09.23.2014 1

Are traffic cameras becoming public surveillance tools?

traffic_cameraBy Tom Toth

Gone are the days when local law enforcement used roadside cameras to simply enforce local traffic laws. Gone are the days when the legal presumption of innocence trumped the public desire for preemptive security.

The age of big data is the age of big surveillance — and it is upon us.

A national network of cameras recording individual license plates and storing data on where each car is driving every day—to the tune of three million records a week from Los Angeles law enforcement alone—is swiftly developing in local precincts across the United States. The storage of these records can last for years and you’ll never be able to see what authorities have recorded about your traveling habits.

A California court recently ruled that the vast records recorded by local authorities may not be viewed by innocent members of the public. Like many other states, California has a public records law that should give innocent citizens access to the public information collected by these cameras, according to one man suing for access the information collected on his vehicles; “If I’m not being investigated for a crime, there shouldn’t be a secret police file on me” that details “where I go, where I shop, where I visit.”

But some judges in California disagree. Because the collected data about innocent drivers is combined with everyone else’s information, the state can claim that all the data pertains to on-going police investigations, thus exempting it, in their minds, from public information accountability laws.

If law enforcement can’t put a tracking device on a car of someone who is under active surveillance without probable cause and judicial approval, how can tracking and recording the movements of every vehicle be legally justifiable?

In short, in can’t. But a time of worldwide terrorism has bolstered the demand for public safety, and that demand is again butting heads with the Constitutional freedoms guaranteed to the American people. Fighting crime with the full extent of the government’s technological capacity is, in theory, an agreeable goal. But situations like these prove that prudence and careful analysis are of the utmost importance for the sake of preserving privacy protections for every innocent American against the powers of big government in the form of law enforcement and homeland security.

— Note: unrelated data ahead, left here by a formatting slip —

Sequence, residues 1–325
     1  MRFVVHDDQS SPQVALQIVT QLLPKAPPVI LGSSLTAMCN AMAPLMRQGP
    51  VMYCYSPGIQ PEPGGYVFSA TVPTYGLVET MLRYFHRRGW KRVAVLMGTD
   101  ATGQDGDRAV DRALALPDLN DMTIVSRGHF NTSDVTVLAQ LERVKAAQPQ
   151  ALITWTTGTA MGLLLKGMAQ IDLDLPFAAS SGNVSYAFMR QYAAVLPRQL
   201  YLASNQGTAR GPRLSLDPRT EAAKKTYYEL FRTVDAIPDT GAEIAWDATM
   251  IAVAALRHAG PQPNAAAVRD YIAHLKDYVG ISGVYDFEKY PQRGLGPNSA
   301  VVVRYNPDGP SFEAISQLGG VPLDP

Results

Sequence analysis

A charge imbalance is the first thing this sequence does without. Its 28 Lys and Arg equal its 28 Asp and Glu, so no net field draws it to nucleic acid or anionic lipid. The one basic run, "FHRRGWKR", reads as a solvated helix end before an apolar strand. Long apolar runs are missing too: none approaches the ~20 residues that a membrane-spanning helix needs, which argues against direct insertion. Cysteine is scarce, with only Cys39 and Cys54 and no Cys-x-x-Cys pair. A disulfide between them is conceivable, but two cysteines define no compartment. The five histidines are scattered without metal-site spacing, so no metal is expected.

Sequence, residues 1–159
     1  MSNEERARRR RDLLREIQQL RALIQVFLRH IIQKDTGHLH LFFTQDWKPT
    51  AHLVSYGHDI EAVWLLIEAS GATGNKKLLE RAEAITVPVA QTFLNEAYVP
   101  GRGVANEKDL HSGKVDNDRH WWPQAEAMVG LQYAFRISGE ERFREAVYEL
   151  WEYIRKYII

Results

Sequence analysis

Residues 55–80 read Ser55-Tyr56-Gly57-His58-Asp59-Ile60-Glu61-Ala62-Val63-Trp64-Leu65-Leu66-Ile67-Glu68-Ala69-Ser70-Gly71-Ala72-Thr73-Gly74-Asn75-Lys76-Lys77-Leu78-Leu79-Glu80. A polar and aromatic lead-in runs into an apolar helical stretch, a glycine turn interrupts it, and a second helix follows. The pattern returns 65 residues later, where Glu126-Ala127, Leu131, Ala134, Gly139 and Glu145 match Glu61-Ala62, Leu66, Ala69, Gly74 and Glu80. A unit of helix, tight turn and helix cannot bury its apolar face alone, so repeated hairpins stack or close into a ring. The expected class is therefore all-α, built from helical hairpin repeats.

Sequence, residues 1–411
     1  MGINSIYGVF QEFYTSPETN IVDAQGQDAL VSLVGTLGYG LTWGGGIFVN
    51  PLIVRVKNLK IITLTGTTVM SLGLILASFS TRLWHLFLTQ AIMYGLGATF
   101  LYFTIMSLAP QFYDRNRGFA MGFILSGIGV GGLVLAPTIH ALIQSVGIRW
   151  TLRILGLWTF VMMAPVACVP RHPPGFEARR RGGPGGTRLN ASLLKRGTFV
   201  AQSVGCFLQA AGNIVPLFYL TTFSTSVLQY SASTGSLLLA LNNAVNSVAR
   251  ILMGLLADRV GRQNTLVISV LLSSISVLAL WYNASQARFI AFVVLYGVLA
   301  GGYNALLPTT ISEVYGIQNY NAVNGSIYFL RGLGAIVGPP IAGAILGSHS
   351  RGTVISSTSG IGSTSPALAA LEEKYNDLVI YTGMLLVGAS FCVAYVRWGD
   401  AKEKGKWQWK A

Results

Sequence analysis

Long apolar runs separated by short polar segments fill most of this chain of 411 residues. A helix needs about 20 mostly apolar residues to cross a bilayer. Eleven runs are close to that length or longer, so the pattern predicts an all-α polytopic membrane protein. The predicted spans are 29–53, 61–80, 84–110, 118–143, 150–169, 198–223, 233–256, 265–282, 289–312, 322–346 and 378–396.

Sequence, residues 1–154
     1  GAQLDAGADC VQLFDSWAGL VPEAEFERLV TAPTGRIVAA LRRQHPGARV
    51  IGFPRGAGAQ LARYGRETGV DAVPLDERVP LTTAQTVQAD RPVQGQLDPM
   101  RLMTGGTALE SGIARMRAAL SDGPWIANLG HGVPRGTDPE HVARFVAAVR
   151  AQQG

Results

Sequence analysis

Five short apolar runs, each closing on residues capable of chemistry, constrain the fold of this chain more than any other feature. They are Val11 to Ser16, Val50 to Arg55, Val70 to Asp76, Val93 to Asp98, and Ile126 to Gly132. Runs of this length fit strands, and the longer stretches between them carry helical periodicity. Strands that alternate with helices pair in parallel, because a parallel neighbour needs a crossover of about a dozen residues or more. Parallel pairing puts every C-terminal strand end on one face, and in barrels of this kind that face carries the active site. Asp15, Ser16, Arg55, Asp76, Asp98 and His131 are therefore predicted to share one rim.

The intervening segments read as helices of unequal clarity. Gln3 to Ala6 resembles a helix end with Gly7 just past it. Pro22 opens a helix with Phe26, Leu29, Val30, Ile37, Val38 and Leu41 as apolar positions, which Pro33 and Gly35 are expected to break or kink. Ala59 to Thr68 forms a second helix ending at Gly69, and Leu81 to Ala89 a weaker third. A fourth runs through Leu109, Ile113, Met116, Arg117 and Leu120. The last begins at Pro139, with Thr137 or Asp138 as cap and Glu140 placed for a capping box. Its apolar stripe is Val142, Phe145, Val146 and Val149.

Developments in technology have evolved law enforcement officers’ capabilities to a remarkable extent. But it has had the unintended consequence of creating situations like this. The result is an important question for the American people: Just how interested are we in preserving our personal security while fighting for national security?

Modern technological capabilities of the proverbial “Big Brother” go far beyond the science fiction imaginations of even a generation ago. Vast warehouses storing personal information about the American people, down to where you drive your car, are not a reality of only conspiracy theories.

Now is the time for the American people to be realistic about our national capabilities and decide for ourselves what the boundaries of government will be before Washington’s unaccountable bureaucracies decide for us.

Tom Toth is the digital content director and a contributing editor for Americans for Limited Government.

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